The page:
From 9th June, every company that re-locates to Poland, every piece of weak economic data will be on herby Jay Elwes / April 28, 2017 / Leave a comment
When I suggested last July that Theresa May would need a second popular vote before she could go ahead with Brexit, the idea was attacked in, among other places, the pages of the Sunday Times. For Eurosceptics, any suggestion that problems might lie ahead amounted to sneering. But now the PM has called a general election in order to give herself a stronger Brexit mandate. She will no doubt win. And yet her victory will not ease her Brexit problems. It will instead bring a deeper challenge.
It was inevitable that she would seek this second vote. Without it her authority rested on a mandate passed down to her by David Cameron—a welcome inheritance—but one that consisted of a General Election victory by a pro-EU member of the Notting Hill liberal elite. May’s own brand of conservatism is something very different and that disparity was always going to be problematic.
May has called a Brexit election. Whether her margin of victory is narrow or vast, 8th June will not bring her the calm political waters that her Eurosceptic supporters crave. Her majority—be it 50 or 70 or 200—will give her renewed clout in Westminster. But it will have another, quite different effect. It will mean that she has nowhere to hide. She will be fully and unequivocally responsible for everything that follows. She will not be able to deflect blame onto those who have failed to “come together,” in the name of Brexit. Pro-Brexit newspapers will no longer have any grounds for blaming the judiciary, or “saboteurs,” or anyone else for the inevitable difficulties and failures of the Brexit negotiations. No. There will only be one person standing in the spotlight. The PM’s General Election victory will put her there.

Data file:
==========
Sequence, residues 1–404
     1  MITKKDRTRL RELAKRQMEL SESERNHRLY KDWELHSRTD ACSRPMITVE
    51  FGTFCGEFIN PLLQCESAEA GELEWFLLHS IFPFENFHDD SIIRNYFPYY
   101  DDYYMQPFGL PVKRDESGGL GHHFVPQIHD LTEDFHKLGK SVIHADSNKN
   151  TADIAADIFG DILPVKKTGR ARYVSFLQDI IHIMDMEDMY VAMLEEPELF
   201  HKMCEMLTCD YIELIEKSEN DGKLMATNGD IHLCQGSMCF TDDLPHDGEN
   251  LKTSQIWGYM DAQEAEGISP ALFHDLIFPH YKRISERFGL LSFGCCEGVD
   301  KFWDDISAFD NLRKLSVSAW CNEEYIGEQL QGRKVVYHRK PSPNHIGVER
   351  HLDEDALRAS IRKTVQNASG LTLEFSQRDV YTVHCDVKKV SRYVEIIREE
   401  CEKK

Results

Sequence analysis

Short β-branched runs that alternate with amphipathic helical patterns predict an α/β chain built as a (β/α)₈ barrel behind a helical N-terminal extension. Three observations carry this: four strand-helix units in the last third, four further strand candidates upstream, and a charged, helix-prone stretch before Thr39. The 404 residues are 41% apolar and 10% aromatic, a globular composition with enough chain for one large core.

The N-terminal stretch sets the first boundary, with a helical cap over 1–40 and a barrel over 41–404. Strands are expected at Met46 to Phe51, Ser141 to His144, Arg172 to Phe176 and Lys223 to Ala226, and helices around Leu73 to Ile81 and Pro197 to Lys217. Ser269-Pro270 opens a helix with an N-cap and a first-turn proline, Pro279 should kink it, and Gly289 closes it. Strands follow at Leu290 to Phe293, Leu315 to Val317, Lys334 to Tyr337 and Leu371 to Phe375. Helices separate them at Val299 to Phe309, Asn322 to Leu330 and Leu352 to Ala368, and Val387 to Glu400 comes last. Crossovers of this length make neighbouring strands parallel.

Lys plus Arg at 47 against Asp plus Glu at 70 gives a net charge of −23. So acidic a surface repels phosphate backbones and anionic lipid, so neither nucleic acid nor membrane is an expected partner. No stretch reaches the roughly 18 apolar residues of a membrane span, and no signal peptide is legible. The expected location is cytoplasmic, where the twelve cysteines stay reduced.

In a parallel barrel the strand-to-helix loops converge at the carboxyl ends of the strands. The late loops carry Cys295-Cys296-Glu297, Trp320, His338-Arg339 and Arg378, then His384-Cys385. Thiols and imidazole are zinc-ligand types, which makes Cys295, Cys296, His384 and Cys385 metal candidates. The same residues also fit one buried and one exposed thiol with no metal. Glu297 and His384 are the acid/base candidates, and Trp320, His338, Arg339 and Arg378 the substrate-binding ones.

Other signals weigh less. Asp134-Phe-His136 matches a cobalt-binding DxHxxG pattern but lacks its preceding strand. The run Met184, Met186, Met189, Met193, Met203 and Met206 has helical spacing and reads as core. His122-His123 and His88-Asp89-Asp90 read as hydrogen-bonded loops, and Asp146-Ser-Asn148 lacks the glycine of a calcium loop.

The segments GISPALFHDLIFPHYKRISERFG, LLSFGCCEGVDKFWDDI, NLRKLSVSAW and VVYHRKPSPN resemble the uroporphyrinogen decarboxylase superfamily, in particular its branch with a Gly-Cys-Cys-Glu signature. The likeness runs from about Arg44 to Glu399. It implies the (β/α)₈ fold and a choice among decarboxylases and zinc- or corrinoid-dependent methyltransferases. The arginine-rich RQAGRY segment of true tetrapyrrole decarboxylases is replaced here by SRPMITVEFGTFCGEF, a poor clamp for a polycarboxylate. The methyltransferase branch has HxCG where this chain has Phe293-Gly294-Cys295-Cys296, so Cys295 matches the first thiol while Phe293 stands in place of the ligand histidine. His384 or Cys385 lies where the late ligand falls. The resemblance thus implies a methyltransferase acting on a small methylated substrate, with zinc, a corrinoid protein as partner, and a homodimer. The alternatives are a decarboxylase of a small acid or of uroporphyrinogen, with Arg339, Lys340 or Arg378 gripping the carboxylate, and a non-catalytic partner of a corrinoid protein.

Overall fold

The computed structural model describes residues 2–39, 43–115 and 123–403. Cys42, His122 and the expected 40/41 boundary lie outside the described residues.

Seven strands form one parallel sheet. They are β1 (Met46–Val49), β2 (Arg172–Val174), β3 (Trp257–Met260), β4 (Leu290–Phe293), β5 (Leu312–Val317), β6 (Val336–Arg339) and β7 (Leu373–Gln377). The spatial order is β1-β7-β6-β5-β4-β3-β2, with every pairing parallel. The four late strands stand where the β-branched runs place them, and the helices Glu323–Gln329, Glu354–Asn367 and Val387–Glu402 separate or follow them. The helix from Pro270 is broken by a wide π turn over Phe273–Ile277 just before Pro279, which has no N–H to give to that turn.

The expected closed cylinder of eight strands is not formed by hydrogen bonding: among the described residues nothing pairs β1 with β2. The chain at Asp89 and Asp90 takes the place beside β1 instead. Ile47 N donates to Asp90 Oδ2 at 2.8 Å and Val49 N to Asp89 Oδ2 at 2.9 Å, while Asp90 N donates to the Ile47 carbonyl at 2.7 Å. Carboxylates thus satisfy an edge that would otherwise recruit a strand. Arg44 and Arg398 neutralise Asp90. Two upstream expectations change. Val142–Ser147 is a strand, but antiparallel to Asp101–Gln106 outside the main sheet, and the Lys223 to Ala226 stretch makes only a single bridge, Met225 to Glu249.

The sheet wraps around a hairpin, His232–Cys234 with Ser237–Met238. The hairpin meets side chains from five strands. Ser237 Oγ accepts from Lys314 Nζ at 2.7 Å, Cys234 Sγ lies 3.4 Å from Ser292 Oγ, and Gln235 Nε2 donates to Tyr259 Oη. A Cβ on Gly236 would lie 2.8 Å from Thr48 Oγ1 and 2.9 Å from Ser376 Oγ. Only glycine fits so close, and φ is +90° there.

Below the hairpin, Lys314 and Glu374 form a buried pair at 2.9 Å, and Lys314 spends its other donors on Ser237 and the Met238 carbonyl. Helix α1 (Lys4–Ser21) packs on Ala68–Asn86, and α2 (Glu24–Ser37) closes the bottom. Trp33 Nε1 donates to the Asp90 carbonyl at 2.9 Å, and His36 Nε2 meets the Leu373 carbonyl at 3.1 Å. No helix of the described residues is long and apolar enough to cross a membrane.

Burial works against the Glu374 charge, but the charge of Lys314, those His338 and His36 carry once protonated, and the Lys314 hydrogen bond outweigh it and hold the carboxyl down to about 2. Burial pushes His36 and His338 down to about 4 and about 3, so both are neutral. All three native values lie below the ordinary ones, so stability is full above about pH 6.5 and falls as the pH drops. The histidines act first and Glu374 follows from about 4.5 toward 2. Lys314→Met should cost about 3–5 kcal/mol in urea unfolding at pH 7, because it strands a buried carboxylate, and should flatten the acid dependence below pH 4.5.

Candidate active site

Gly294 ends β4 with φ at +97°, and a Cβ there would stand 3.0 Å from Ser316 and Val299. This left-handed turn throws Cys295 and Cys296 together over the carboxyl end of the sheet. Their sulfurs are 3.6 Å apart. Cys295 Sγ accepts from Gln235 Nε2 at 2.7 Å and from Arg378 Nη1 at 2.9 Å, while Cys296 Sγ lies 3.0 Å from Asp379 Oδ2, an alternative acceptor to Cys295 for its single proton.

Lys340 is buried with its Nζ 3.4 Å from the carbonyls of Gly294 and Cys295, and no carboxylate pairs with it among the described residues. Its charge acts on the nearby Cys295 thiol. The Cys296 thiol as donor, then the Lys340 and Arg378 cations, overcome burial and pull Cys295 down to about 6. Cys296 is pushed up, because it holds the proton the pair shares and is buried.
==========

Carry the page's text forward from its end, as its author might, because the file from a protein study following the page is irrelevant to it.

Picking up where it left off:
A new and altogether more intense form of pressure will characterise the next phase of May’s government. She has not prepared for this. Rather, she has raised expectations through repeated, bold statements of intent. Chief among these has been the nostrum that “Brexit means Brexit,” a phrase that infuriated her opponents but which caused a warm glow in the hearts of eurosceptics who instinctively grasped its meaning: no half measures—we are going all out. That sense of confidence and satisfaction was on…